Brady Township Planning Commission Decides on Agriculture Zoning

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Citizens of Brady Township attend the December planning commission’s meeting where a decision was made to recommend option 1 to the Brady Township board.

By Sue Moore

In a 4-2 vote and following a threat of litigation from some property owners, the Brady Township Planning Commission voted to recommend several significant changes to the RR rural residential zoning district, the so-called Option 1, to the Township Board.

The recommendation will be placed on the Board’s February 9 agenda.
The option is aimed at controlling the distance between large-scale commercial livestock operations from the small-parcel residential areas and adjacent parts of Vicksburg.

David Locey, Michelle Crawford, Mike Henderson and Ray LaZotte voted for the changes. Scott Oswalt and Gary Miller were opposed. Julie Skryczepk was absent.

An attorney representing large livestock farmers said legal action against the township was certain if the Township board adopts the recommendation.

Henderson, chair of the Planning Commission, explained that the township had what it thought was the right solution when it created the RR buffer zone in 1997. That was before the state of Michigan’s Right to Farm act existed. Rules followed that legislation, called “generally accepted agriculture management practices”–GAAMPS.

Due to recent changes in the GAAMPS, township officials felt forced to make some changes. Option 1 eliminates large-scale livestock production in the RR district and requires such operations to be 1,500 feet from an RR-zoned parcel although it permits small-scale raising of livestock. Current crop farming could continue, but as a nonconforming use.

Township officials earlier in the year had discussed the needs with state officials, hoping to make changes to the GAAMPS rules. “We wanted to offer flexibility to those who just do crop farming now or in the future but these suggestions didn’t make it into the 2016 GAAMPS rules after we had some good dialog with the Michigan Department of Agriculture,” Henderson explained.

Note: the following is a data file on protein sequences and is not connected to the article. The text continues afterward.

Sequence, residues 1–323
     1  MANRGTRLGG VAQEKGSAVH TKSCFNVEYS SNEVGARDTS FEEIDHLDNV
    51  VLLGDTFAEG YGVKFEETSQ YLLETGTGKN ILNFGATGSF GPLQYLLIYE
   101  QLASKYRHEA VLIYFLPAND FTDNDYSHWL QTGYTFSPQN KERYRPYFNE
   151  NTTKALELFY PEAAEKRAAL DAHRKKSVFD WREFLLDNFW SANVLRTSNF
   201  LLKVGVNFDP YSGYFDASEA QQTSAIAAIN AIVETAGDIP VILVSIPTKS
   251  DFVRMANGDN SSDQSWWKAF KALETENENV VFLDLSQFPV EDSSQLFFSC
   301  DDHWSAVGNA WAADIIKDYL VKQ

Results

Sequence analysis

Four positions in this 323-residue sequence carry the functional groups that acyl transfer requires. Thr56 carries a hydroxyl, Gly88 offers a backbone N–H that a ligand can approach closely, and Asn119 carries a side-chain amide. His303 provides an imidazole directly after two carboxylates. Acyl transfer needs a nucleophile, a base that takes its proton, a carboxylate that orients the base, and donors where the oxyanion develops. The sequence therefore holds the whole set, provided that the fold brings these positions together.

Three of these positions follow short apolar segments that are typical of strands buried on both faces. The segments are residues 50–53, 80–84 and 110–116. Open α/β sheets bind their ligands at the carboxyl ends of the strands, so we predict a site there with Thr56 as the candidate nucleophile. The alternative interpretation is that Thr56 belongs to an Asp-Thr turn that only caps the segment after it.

Oswalt argued for taking no action. He contended the threat that large-scale livestock operations will locate close to residential areas is only a perceived one, that the Planning Commission cannot justify Option 1 on a threat level. “I think that agriculture makes this a better place to live. If nothing has happened in the last year why are we doing this?”

Henderson said that two-thirds of the township is zoned agriculture which is a blessing for this mixed use community. But he added that the diversity brings challenges. “We are all struggling with it.”

The bottom line is that the recommendation made by the planning commission re-establishes the large scale livestock free buffer zone in the rural residential zoning district and doesn’t adversely impact existing farming in that zoning district.

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